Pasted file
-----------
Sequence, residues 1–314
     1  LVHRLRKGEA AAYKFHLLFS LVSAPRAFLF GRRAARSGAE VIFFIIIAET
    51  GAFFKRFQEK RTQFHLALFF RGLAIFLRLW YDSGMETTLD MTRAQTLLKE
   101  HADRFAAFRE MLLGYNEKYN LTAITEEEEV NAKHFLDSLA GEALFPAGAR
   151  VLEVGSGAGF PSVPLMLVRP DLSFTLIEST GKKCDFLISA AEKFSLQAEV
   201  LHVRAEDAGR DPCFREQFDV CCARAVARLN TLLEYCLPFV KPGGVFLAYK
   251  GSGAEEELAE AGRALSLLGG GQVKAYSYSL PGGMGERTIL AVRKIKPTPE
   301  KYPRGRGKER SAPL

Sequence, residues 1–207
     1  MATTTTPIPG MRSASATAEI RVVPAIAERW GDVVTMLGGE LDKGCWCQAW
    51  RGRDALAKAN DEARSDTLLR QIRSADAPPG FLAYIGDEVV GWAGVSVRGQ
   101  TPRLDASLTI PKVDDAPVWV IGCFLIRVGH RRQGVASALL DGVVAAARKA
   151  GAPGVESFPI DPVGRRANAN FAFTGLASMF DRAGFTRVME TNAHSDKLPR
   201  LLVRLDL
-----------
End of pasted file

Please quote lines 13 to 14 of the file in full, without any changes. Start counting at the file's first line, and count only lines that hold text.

   151  GAPGVESFPI DPVGRRANAN FAFTGLASMF DRAGFTRVME TNAHSDKLPR
   201  LLVRLDL